3. Don’t fast for long
Yes, Mattson has been practicing intermittent fasting for 30 years, but for most of us, this is simply unsustainable. Work schedules, social commitments, needing to refuel after a workout—even maintaining a healthy partnership—can easily conflict with the rules of time-feeding. More importantly, fasting for long periods of time will deprive you of the vitamins, minerals and other nutrients you need to function properly—period.
As WebMD reports, prolonged fasting “can lead to anemia, a weakened immune system, liver and kidney problems, and irregular heartbeat” as well as vitamin and mineral deficiencies, muscle breakdown, and diarrhea. And the longer you stay on a fast—or repeatedly go on fasts—the more severe these problems become. (No “perfect” body is worth such pain.) Jennifer Wider, RD, advises having an exit strategy to reacquaint yourself with your body’s natural hunger (and satiation) prompts; she also recommends working with a dietician to come up with a more manageable, long-term eating plan.
4. Adjust your workouts
As alluring as fasting may be, the fact is you’ll be depriving your body of the nutrients it needs to operate, potentially resulting in decreased focus, irritability (talk about hangry), fatigue, nervousness, dizziness and, naturally, diminished energy. Thinking you can hit up your favorite power weight lifting aerobic class after not eating for 24 hours straight could wreak havoc on your biological system, crank up your production of cortisol, and leave you exhausted. In short, if you’re intent on fasting, your workouts will have to be adjusted. Walking and gentle yoga will be far more palatable—and less likely to push you into such a ravenous state that you’ll be robbing your children’s stash of holiday candy.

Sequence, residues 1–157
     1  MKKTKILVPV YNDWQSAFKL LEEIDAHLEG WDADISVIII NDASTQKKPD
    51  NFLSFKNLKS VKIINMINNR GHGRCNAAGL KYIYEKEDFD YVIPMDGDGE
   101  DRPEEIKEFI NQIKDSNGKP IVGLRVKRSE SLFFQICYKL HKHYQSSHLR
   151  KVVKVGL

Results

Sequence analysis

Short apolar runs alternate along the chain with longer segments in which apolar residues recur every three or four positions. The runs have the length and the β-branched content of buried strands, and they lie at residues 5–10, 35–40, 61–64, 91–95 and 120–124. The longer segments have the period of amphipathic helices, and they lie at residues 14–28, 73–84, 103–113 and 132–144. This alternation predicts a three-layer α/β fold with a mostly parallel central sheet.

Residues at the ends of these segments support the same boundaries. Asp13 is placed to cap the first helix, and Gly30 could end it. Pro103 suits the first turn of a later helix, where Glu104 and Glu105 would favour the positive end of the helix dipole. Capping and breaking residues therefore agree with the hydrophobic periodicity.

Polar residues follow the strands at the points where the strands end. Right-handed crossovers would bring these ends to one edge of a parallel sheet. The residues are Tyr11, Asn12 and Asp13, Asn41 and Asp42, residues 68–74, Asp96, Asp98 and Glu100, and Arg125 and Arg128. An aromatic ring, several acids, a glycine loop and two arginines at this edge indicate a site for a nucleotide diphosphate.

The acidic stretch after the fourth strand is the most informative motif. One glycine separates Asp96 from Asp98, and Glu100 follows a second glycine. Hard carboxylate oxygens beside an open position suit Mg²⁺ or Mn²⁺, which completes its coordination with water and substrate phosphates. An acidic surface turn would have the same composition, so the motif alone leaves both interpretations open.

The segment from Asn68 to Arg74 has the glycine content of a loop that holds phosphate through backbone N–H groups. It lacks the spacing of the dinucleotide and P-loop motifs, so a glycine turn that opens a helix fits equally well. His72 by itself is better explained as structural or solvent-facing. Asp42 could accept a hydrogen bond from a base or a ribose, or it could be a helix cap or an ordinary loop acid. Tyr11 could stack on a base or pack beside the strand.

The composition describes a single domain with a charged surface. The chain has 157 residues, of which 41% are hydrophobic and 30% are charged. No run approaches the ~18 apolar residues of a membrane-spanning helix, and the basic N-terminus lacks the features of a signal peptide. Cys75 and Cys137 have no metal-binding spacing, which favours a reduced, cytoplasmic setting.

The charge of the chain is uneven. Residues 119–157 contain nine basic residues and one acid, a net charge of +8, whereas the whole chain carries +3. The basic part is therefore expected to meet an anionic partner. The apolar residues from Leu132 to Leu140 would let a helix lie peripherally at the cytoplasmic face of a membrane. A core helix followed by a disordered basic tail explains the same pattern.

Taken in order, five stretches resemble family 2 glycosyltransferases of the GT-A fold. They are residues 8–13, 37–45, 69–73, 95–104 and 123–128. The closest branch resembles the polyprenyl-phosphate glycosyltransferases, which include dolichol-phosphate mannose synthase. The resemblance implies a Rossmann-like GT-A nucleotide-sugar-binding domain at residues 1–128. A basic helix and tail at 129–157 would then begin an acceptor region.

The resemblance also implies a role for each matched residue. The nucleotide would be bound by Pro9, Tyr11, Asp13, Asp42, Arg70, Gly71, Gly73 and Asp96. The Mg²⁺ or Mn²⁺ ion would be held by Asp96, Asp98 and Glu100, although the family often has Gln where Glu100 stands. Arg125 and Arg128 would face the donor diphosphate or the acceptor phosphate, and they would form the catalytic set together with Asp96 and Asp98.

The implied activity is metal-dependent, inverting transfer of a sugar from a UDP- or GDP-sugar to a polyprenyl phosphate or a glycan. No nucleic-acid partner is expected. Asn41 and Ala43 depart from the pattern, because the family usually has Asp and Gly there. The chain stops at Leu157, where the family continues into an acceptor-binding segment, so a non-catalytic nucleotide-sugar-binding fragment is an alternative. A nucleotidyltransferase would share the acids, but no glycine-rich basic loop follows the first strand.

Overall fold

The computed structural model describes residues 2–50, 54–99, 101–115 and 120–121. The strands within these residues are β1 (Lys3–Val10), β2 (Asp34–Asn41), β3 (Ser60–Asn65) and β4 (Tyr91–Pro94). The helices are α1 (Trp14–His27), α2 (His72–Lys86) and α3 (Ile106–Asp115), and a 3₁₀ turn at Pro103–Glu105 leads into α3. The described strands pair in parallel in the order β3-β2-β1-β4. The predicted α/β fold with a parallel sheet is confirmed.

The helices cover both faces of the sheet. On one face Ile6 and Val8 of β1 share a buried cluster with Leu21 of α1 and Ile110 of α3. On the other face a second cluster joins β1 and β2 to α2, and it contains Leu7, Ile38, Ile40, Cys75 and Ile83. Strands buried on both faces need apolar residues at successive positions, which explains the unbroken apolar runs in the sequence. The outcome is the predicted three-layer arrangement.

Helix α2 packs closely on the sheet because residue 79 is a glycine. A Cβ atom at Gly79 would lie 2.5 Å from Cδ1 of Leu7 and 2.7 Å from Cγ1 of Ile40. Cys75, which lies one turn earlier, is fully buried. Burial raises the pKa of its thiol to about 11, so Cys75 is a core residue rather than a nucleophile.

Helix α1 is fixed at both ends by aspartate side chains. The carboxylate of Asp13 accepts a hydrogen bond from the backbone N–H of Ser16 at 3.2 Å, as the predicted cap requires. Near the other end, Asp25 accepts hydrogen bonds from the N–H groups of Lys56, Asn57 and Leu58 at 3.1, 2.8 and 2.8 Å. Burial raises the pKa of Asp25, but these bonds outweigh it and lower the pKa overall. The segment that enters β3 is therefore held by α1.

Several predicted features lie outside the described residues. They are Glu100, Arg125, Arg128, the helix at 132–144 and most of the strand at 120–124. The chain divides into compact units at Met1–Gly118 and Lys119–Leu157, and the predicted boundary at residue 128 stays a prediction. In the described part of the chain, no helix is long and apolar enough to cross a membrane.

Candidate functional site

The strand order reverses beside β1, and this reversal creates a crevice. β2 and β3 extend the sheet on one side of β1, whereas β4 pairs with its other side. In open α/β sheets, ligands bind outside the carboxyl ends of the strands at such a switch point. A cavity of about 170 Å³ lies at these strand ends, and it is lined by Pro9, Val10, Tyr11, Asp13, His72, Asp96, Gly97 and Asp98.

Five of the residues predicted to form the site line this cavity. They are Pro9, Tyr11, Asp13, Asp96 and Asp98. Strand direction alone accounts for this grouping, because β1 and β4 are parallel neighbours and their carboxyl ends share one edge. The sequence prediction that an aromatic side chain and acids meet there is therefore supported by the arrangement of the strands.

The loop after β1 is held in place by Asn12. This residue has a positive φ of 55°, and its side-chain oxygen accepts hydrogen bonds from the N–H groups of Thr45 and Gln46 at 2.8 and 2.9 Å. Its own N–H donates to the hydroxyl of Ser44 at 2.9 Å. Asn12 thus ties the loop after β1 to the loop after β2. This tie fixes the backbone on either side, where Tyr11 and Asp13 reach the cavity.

Medical News Today reports that fasting commonly leads to dehydration. Why? Your body isn’t getting any fluids from food. Ensure you’re drinking plenty of water, or go for sparking mineral water: the carbonation might help ease the heartburn that often accompanies fasting.
6. Take a multivitamin
Taking a multivitamin is always a good idea, in that it gives you a boost of nutrients you may not be getting enough of through diet alone. It’s even more imperative when you’re fasting. For a potent blend that’ll naturally support your energy levels, go for Vitacost Synergy Multivitamin. Supplying 22 essential vitamins and minerals—including vitamin D, folate and zinc—this superstar product also contains green team CoQ10 and other health-supportive antioxidants.
7. Consult with your physician before you decide anything
Whether you’re twenty-five or fifty, going without food for anysignificant amount of time presents potential problems, including muscle aches and mood changes. And while children, pregnant and lactating women, diabetics, and the elderly should stay far, far away from the whole idea of fasting, you too—even if you don’t fall into these groups—should get your doctor’s approval before abstaining. People with a history of eating disorders, for example, should not attempt intermittent fasting. As fitness and nutrition expert JJ Virgin wrote in The Huffington Post, “The ‘anything goes’ mentality some experts permit during the feeding state could lead someone to overeat, creating guilt, shame, and other problems that only become worse over time. For someone with emotional or psychological eating disorders, intermittent fasting could become a convenient crutch to amplify these issues.” Be honest with your doctor—and be prepared if he or she recommends seeing a registered dietician for a smarter, more sustainable, and healthier strategy instead.